David is regularly invited (and externally funded) to present at research conferences and symposia. He has been funded by the organisers to deliver keynote/senior scholar presentations at many major international research events including: 6th Annual Congress of the European College of Sport Science, German Sport University Cologne, Germany (2001); European Science Foundation Exploratory/Standing Committee for Social Sciences Workshop, Amsterdam, The Netherlands (2002); The Construction and Representation of the Global Sports Event Conference, Cambridge, UK (2003); International Sociology of Sport Association Pre-Olympic Scientific Congress, Thessaloniki, Greece (2004); The 4th International World Communication Conference on Sport and Society, Copenhagen, Denmark (2005); Korean Alliance for Health, Physical Education, Recreation and Dance International Sport Science Congress, Seoul, Korea (2006); Race, Sports and Globalism Symposium, Iowa, USA (2006); Asia Communication and Media Forum: Global Sports Events and Sports Communication, Beijing, China (2007); Sport in the City: Cultural Connections Symposium, Dunedin, New Zealand (2007); Global Sports Forum, Barcelona, Spain (2009); The Broadcast Education Association Research Symposium, Las Vegas, USA (2010); The 10th International Hamburg Symposium on Sport and Economics, Hamburg, Germany (2010); The East Asian Olympic Games: Media Strategies and Tactics Research Workshop, Beijing, China (2010); International Conference on Sports Media and Communication under Globalization, Chengdu Sport University, China (2011, 2015); Sport and Society in Transnational Contexts Conference, Zurich, Switzerland (2015); Sport and Diplomacy Colloquium, School of Oriental and African Studies, University of London (2015), and Golden Games: Sport and Diplomacy in East Asia and Beyond, Singapore (later in 2017). Phew! Exhausting to think of the travel required.
Above: David Rowe, his mother Jean, and his Master's supervisor, Professor Laurie Taylor, 1978.
He is also regularly invited to present research papers at Australian and overseas universities, including Macquarie, Melbourne, Monash, Tasmania, Victoria and UTS (Australia), Bedfordshire, Brighton, Central Lancashire, Glasgow, Leeds Beckett, Roehampton, West of England. (UK), Loyola Marymount Los Angeles, NYU (USA), Alberta (Canada), Munich Technological (Germany), Linköping, Södertörn, Stockholm (Sweden), and Sungshin Women’s (Seoul). He has also been a Visiting Research Fellow/Visitor at several universities, including: Chelsea School Research Centre, University of Brighton, UK; TISCH School of the Arts, New York University, USA, and the Department of Media and Communications, Goldsmiths’ College, University of London, UK. More travel.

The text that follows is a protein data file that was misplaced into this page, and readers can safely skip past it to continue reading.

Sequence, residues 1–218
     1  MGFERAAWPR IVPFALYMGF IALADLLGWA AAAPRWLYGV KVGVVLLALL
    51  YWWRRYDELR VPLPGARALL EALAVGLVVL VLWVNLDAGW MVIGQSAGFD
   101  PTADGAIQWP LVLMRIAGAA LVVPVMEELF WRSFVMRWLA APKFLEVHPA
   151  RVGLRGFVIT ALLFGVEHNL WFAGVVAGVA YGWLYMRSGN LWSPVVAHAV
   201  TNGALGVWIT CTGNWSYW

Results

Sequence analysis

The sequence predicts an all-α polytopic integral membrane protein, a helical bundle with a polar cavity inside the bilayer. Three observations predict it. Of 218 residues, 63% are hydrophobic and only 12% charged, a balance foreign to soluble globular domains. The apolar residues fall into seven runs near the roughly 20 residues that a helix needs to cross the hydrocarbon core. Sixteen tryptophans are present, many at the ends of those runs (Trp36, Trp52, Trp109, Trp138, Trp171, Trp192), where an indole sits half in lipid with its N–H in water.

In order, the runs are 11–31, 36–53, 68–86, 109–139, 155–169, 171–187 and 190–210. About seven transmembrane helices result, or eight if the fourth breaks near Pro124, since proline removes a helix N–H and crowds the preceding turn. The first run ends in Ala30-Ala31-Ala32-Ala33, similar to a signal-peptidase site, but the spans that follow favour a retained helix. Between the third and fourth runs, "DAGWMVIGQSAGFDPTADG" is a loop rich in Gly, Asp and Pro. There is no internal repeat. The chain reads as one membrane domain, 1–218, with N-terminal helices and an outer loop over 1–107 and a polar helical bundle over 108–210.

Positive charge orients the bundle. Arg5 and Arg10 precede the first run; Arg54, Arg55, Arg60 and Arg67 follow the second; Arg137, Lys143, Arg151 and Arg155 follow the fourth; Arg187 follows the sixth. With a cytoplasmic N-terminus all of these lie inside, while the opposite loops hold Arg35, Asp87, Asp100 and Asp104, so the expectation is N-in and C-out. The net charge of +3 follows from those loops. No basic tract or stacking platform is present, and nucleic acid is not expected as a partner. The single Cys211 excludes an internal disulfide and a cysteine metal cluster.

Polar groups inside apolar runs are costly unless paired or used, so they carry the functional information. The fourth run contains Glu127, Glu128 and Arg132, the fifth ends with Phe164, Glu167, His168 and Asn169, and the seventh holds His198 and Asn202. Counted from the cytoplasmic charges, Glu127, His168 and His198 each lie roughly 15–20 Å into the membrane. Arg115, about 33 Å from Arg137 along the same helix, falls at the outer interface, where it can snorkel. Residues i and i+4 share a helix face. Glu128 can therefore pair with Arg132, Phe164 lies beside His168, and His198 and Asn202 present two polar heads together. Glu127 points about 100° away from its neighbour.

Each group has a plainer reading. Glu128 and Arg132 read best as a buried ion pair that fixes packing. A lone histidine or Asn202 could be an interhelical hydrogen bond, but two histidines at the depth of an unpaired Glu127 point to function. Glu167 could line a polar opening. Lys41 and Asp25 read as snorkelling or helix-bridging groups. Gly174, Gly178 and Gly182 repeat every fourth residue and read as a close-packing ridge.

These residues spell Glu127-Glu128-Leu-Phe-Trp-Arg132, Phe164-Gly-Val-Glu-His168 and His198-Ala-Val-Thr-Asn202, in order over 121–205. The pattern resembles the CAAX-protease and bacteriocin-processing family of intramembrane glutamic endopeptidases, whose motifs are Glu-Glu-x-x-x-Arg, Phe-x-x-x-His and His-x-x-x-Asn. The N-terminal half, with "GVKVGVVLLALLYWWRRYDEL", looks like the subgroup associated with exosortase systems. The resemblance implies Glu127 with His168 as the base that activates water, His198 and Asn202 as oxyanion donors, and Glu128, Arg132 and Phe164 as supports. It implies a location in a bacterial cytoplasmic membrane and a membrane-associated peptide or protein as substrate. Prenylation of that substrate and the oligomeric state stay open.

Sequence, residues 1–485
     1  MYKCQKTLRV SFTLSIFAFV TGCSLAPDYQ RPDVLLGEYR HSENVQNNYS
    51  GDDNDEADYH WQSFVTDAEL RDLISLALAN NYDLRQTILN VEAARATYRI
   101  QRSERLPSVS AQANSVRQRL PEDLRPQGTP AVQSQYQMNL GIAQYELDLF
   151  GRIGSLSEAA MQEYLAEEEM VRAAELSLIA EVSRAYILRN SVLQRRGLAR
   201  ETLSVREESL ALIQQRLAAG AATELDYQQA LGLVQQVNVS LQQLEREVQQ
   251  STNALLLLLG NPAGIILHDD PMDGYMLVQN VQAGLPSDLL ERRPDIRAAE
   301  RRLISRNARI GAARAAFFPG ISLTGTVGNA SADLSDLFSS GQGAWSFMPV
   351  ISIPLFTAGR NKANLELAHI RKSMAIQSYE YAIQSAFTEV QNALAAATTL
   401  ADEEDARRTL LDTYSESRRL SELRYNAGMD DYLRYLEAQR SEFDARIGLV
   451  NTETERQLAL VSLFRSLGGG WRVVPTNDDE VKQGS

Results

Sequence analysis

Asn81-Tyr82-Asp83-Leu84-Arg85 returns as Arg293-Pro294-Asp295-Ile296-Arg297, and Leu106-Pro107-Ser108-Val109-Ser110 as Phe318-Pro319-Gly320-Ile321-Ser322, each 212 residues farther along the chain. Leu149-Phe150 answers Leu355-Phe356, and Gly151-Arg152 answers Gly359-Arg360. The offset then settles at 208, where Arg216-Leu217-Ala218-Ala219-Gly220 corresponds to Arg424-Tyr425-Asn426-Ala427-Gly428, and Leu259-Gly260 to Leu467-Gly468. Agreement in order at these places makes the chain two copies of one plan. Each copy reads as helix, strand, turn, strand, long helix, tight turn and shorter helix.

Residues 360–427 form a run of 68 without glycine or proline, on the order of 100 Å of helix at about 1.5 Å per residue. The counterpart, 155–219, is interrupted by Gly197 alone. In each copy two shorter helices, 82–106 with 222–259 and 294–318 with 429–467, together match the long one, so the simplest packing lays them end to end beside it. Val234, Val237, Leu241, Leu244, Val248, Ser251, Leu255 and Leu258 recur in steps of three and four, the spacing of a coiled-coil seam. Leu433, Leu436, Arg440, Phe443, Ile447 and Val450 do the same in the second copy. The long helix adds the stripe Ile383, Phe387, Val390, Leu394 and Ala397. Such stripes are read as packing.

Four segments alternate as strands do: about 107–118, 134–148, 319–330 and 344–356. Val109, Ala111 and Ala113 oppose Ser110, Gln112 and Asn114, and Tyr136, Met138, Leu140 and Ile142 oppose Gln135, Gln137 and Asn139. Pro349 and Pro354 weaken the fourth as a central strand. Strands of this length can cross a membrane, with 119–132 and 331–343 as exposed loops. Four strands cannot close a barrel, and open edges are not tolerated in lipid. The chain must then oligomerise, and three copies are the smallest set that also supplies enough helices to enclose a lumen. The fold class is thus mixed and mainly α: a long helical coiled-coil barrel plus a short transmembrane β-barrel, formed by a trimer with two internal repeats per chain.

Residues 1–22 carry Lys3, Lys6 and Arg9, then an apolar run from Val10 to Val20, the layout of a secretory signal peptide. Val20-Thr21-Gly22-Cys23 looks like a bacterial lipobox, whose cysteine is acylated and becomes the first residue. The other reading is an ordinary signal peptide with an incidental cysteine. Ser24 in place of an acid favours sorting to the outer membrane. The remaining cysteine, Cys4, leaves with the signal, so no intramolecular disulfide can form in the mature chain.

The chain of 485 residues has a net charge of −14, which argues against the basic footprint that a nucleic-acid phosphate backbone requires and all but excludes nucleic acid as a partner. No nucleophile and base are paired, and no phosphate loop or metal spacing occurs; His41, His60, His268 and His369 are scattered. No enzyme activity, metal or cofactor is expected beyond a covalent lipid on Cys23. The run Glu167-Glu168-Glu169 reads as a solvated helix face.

These invitations have been stimulated by David's extensive peer-reviewed publications. To date, apart from his 12 books, he has given over 200 academic presentations in Australia and overseas. He has published or in-press 116 peer-reviewed articles in leading journals, including Journalism: Theory, Practice & Criticism, British Journal of Sociology, International Review for the Sociology of Sport, European Journal of Cultural Studies, International Journal of Cultural Policy, and Media, Culture & Society, and 95 book chapters for many of the most significant international publishers in his research field, including Sage, Routledge, Columbia University Press, Wiley-Blackwell, Palgrave Macmillan, Cambridge University Press and Elsevier. Several of his journal articles have been anthologised (sometimes revised and updated) in major works, including Sage’s Globalization and Culture Vol III (2009) alongside such leading researchers in the field as Arjun Appadurai, Roland Robertson, and Bryan S. Turner. David’s work has also been translated into several languages, including Chinese, French, Spanish, Turkish, Italian and Arabic. His internationally-oriented research program was conducted when he had considerable teaching, governance and administrative responsibilities, the former including the popular first-year Media, Culture and Society and third-year Popular Culture and Society units, and the latter including: Head, Department of Leisure and Tourism Studies (2000–2001); Deputy Dean, Faculty of Arts and Social Science (2001); Director, Cultural Institutions and Practices Research Centre (2000-2006) (The University of Newcastle), and Director and Professor, Centre for Cultural Research (2006-2009) (Western Sydney University). Since 2014 he has been Honorary Professor, Faculty of Humanities and Social Sciences, University of Bath, UK.